Let’s Find Out if a Reverse Mortgage is Right for You!

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Why Purchase New Property as a Senior Citizen?

It’s possible the house that previously served your expanding family in earlier times is now too big for your current situation. Having a large, multi-room house with a vast yard may require more effort than you’d like to put in, and if you’re retired, you might want to move into a tinier, more feasible residence. Or you’ll require a house that serves your physical needs, like a single-floor household with railings, ramps and broad doorways. Perhaps warmer weather is something you desire, Or perhaps you want to move toward your family and friends. Whatever the reason, you will find there’s sensible alternatives ready for you to take.

The Background of HECM in the marketplace

The latest loan product of the early 1980s was referred to as a reverse mortgage, or Home Equity Conversion Mortgage (HECM). HECMs were permitted to be insured by the Federal Housing Administration (FHA), and were created just for elderly people. HECMs were ratified in 1988. This financial application gave senior property owners permission to access a part of their home equity without the need to leave their residence or boost their monthly payments. Overtime, the loan changed to give senior citizens identical benefits to regular HECM reverse mortgages while also allowing them to buy new property. This became known as the HECM for purchase, and could quite possibly be the solution you’re looking for.

How It Works?

The HECM for Purchase is an answer that enables you to achieve two tasks in one transaction: attaining a better principal residence, and getting yourself a reverse mortgage. This could help you save cash, because you acquire a single amount of closing costs as it combines two financial transactions: buying new property, and funding it using a reverse mortgage loan.

Using an HECM for Purchase reverse mortgage, you deliver a deposit using the money from the previous house or any other savings. The equity accumulated with the deposit and the new home’s worth is used to assess the reverse mortgage loan total. While this process is happening, you may wish to fulfill the loan-to-value ratio requirements using a considerable deposit and supply confirmation of funds and income. The remaining cost of the new home is paid for using these reverse mortgage funds, similar to a traditional home loan.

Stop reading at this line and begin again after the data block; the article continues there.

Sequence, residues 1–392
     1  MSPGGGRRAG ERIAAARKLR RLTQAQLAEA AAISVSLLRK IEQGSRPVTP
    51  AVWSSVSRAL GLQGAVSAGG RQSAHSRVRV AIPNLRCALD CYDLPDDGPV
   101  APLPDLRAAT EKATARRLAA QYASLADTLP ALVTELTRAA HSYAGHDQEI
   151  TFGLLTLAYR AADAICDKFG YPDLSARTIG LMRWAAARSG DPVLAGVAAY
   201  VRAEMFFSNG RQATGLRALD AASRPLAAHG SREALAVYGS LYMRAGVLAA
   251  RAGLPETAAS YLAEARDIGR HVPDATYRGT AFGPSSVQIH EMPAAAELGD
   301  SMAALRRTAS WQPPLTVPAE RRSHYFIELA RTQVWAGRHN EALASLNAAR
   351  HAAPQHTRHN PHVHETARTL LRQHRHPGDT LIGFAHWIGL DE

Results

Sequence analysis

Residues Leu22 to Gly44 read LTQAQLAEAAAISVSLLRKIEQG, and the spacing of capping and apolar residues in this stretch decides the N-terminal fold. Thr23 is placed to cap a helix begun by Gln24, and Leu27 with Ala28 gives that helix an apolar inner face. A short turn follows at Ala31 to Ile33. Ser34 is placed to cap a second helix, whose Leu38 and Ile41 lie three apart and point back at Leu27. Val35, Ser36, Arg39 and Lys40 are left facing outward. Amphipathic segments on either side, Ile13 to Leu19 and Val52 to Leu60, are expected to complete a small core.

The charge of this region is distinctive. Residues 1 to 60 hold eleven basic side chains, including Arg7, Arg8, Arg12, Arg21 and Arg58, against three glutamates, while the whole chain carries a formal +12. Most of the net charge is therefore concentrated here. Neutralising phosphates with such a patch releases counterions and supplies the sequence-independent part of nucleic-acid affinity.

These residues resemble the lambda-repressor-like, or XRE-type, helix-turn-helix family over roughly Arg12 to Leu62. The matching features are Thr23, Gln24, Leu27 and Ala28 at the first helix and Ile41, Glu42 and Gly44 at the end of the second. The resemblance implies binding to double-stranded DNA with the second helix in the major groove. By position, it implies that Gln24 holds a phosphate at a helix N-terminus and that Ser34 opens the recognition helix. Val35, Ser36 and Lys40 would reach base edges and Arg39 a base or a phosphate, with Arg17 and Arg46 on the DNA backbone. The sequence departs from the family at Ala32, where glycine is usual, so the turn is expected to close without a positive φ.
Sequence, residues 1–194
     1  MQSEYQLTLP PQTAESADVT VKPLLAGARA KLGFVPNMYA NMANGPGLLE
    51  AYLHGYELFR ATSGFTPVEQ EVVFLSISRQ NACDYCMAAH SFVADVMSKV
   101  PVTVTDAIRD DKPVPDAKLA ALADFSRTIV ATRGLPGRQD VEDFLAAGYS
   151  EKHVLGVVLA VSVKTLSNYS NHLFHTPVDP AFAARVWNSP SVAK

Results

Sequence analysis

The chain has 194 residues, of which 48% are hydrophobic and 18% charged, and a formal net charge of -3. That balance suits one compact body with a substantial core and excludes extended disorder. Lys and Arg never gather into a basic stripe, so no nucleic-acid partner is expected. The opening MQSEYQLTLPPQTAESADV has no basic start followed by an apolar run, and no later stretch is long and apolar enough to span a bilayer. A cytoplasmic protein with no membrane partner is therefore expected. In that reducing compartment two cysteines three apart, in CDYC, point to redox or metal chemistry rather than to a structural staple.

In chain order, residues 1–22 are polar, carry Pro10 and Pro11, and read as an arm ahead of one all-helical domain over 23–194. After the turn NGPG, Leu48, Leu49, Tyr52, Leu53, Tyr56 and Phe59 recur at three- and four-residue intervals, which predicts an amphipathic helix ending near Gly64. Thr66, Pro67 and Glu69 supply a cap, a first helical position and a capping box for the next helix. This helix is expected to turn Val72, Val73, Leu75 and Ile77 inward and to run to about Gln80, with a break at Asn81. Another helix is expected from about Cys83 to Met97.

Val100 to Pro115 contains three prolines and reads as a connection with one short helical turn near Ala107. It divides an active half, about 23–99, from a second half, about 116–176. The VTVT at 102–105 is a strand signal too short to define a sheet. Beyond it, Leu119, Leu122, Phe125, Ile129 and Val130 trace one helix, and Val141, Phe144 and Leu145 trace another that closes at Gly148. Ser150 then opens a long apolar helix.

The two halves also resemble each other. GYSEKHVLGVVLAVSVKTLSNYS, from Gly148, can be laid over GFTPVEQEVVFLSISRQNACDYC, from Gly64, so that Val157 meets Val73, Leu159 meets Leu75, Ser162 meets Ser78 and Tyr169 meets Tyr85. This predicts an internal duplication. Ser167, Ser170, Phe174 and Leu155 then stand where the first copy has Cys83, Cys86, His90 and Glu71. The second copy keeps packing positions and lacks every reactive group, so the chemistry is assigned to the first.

The bonus to using a reverse mortgage loan is that rather than paying the loan monthly like a regular mortgage, reverse mortgage payments are delayed until the loan matures (See When is an HECM for Purchase Due?). Now, elders on a fixed income are able to fund a new house without making monthly payments. Borrowers are accountable for paying homeowner’s insurance, property taxes, and for basic home repair.

More Important HECM for Purchase Info.

Acceptable Property Types:

  • Single family houses and properties with four units or fewer

Unacceptable Property Types:

  • Cooperative units
  • Newly built houses where a Certificate of Occupancy or its equivalent has not been supplied
  • Boarding houses
  • Bed and breakfast properties
  • Existing properties constructed prior to June 15, 1976
  • Existing properties constructed after June 15, 1976 that do not adhere to the Manufactured Home Construction Safety Standards, as evidenced by affixed certification labels (e.g., data plate and HUD certification label) and/or lack a solid foundation as required in HUD’s Permanent Foundations for Manufactured Housing Guide or properties that were installed or were occupied at a previous location.

Borrower Responsibilities

Responsibilities under the HECM for Purchase are identical to common HECM reverse mortgages. Borrowers are required to make payments for homeowner’s insurance, property taxes, homeowner’s association fees, and the cost of basic home repairs

Some  aspects of the HECM for Purchase do vary from the standard HECM reverse mortgage. Since reverse mortgages are supposed to aid seniors citizens mature in a particular location, you be moved into your new household within 60 days after closing, and the new house must be named your primary residence.

When is the HECM for Purchase Due?

HECM for Purchase loans do not have a specific due date. However, a number of events could potentially lead the loan to become scheduled and payable. These events could be:

  • The final remaining borrower or non-borrowing spouse passes on or leaves the household to live elsewhere for longer than 12 consecutive months.
  • The property has been sold.
  • The borrower obligations are not met.

If you would like any more information about HECM for Purchase loans, don’t hesitate to contact us.